Mozambique, terror and crisis, the government responds

Flag of Mozambique Flag of Mozambique Photo by Jorono on Pixabay

22 November 2021

Since 2017, militants have been terrorizing the Cabo Delgado region, causing the destruction of villages and pushing the conflict onto the global stage.

Mozambique is located on the east coast of southern Africa, bordering six different countries. Hence, the continued terrorist threat throughout the region has the potential to destabilize a significant part of the continent.

The war officially started on 5 October 2017 in Mocímboa da Praia, a port town in northern Mozambique, with assaults against police stations. Due to the high rates of unemployment and extreme poverty Cabo Delgado is perceived as an easy target, which has led to a group of insurgents carrying out numerous attacks, including abductions, burning of houses, and beheadings.

Since 2017, the militants have caused an unknown number of deaths and forced more than 700,000 people to flee. Some people who escaped from captivity reported to the BBC that when women are kidnapped and taken to Mocímboa, they are treated like slaves and forced to marry the al-Shababs.

The insurgents affiliate with a radical Islamist cause. Yet, their connection with the Islamic State group (ISIS) and other international terrorist groups is still unclear. Unlike the latter, they have largely avoided contact with the press, mostly acting at a local level.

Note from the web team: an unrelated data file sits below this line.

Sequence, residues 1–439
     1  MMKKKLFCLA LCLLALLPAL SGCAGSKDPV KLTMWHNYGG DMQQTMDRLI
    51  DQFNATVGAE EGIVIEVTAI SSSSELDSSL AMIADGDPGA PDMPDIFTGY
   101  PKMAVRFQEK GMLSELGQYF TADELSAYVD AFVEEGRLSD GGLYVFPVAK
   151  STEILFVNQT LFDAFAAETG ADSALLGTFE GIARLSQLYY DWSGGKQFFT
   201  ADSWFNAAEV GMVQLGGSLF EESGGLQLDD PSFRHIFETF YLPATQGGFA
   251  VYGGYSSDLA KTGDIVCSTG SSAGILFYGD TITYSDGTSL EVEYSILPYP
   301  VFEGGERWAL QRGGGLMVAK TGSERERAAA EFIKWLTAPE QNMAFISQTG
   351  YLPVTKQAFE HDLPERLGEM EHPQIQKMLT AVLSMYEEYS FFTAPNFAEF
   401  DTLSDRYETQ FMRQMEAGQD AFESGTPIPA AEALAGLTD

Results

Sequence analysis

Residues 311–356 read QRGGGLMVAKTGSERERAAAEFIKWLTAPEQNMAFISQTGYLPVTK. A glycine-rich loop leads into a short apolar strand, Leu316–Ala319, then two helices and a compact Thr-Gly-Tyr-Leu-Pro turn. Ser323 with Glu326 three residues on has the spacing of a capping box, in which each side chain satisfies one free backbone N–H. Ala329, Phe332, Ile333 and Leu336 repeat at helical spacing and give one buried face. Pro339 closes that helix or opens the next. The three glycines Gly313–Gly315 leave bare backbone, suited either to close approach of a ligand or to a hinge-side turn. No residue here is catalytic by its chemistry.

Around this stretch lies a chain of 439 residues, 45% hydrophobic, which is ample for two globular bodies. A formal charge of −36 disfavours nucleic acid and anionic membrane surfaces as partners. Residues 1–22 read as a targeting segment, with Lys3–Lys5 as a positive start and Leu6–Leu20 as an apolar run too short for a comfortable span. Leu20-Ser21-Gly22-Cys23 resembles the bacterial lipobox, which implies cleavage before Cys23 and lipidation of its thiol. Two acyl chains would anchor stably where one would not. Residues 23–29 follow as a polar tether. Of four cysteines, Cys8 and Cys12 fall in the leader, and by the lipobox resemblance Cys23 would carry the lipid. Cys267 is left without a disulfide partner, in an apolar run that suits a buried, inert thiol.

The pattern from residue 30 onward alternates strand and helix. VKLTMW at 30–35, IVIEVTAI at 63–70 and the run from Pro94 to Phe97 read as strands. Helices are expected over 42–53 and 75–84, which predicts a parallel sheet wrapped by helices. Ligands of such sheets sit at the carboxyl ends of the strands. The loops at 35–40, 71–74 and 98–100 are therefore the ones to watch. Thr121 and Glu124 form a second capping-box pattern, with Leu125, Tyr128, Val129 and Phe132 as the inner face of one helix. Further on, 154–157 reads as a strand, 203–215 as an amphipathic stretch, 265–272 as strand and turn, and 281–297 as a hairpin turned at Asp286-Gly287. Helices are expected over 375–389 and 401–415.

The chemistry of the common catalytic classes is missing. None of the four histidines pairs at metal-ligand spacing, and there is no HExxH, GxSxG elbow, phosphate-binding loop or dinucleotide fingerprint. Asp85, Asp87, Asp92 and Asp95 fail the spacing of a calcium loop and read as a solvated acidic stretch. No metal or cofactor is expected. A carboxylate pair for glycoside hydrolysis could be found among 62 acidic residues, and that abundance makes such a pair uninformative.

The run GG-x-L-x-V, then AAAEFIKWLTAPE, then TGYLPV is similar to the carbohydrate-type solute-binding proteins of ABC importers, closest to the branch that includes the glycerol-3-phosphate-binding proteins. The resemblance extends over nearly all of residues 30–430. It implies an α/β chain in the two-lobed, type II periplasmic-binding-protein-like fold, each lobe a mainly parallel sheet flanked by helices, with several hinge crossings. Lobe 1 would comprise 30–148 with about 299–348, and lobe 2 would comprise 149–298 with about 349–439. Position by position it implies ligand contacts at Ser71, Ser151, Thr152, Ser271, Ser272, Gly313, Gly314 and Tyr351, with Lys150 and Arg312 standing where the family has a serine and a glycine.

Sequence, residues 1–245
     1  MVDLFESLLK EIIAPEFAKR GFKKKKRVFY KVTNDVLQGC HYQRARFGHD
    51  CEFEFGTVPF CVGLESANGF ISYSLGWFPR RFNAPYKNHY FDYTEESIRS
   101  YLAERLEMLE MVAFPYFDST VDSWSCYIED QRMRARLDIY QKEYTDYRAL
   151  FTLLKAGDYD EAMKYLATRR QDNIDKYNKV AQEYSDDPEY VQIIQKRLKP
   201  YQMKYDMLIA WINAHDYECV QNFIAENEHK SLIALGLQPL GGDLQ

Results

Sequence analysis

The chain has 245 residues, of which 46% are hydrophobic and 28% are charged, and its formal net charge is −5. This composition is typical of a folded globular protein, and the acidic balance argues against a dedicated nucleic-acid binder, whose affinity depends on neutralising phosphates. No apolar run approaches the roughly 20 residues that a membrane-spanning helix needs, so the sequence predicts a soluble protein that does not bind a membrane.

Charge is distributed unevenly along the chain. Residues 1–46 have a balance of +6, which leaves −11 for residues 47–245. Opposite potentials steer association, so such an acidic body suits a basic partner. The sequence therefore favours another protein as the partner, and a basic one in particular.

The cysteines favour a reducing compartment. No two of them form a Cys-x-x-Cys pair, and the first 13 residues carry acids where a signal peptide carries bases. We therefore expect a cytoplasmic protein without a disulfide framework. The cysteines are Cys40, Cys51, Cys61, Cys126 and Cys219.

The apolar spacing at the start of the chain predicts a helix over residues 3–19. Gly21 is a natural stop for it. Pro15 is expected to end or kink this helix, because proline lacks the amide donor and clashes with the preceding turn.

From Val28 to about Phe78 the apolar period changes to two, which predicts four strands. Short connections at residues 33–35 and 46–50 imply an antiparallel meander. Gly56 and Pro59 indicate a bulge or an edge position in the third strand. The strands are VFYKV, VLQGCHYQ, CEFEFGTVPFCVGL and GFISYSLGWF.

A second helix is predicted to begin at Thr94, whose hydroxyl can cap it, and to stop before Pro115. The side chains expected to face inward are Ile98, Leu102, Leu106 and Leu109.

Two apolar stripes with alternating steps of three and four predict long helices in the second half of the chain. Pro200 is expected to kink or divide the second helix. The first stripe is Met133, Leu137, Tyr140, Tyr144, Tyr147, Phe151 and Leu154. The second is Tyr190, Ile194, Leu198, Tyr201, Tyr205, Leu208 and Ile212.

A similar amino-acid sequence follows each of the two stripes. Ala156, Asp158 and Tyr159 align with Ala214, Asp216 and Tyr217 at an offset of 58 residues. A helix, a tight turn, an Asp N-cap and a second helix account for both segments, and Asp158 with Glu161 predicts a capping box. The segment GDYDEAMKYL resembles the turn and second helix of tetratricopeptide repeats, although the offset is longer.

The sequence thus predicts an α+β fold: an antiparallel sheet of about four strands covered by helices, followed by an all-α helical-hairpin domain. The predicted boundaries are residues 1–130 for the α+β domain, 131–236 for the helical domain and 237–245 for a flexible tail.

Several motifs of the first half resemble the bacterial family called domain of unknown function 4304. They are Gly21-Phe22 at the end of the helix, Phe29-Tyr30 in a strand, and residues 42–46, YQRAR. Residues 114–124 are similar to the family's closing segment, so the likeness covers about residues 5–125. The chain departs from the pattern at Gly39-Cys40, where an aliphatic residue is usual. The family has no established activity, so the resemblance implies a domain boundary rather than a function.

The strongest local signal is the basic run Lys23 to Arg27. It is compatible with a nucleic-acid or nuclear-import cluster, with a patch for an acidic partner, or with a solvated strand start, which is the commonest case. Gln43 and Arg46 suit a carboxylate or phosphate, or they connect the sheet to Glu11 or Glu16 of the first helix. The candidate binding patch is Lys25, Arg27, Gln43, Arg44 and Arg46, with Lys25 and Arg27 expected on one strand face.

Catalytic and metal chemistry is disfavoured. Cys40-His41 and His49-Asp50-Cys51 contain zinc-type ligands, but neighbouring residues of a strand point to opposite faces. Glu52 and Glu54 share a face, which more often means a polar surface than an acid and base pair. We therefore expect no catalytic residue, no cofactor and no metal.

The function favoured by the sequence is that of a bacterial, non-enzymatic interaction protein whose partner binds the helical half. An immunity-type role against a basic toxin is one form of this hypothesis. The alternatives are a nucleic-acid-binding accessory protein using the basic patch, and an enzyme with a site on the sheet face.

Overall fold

Following the attacks, the government has restructured the Defence Department and introduced a special force of elite soldiers to tackle terrorism. According to the Organization for World Peace (OWP), however, the origins of the conflict should be sought in the failure of the Mozambique government to take into account people’s concerns, not a lack of military intervention.

Although violence and terrorism are never tolerable ways of achieving social or political goals, a purely military approach by the government cannot resolve the underlying political and social issues that led to the terrorist group taking hold in the region. If the government wants to stop terrorism, other strategies need to be adopted, and urgently.




Author: Antonella Candiago; Editor: Xavier Atkins

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